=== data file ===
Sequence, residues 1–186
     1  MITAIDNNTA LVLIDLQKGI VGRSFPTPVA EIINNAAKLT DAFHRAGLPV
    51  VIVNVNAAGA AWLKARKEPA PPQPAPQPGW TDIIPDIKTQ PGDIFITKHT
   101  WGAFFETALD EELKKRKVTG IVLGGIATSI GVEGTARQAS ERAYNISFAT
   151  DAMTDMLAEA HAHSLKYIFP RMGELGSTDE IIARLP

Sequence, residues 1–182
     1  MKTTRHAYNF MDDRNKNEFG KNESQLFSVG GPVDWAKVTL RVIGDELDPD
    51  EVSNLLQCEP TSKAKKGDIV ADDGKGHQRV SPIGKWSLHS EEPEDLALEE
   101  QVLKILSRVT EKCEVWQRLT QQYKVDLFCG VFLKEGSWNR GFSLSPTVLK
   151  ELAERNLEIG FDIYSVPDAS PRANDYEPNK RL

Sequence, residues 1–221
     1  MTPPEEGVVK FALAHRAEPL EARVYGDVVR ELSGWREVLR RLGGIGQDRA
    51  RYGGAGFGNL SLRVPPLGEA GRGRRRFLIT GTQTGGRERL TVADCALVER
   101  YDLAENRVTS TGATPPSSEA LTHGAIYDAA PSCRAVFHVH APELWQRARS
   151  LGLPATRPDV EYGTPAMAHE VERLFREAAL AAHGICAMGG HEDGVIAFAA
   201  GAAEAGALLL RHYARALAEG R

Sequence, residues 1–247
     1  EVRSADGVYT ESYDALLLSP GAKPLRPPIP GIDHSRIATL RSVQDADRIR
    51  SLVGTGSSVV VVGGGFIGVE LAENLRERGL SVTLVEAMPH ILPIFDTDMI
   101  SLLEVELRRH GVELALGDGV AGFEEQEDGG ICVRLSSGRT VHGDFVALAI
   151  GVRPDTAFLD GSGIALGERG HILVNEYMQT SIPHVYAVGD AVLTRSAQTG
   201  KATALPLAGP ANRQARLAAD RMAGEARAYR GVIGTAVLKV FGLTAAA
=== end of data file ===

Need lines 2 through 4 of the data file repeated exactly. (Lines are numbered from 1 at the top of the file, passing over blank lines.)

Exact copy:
     1  MITAIDNNTA LVLIDLQKGI VGRSFPTPVA EIINNAAKLT DAFHRAGLPV
    51  VIVNVNAAGA AWLKARKEPA PPQPAPQPGW TDIIPDIKTQ PGDIFITKHT
   101  WGAFFETALD EELKKRKVTG IVLGGIATSI GVEGTARQAS ERAYNISFAT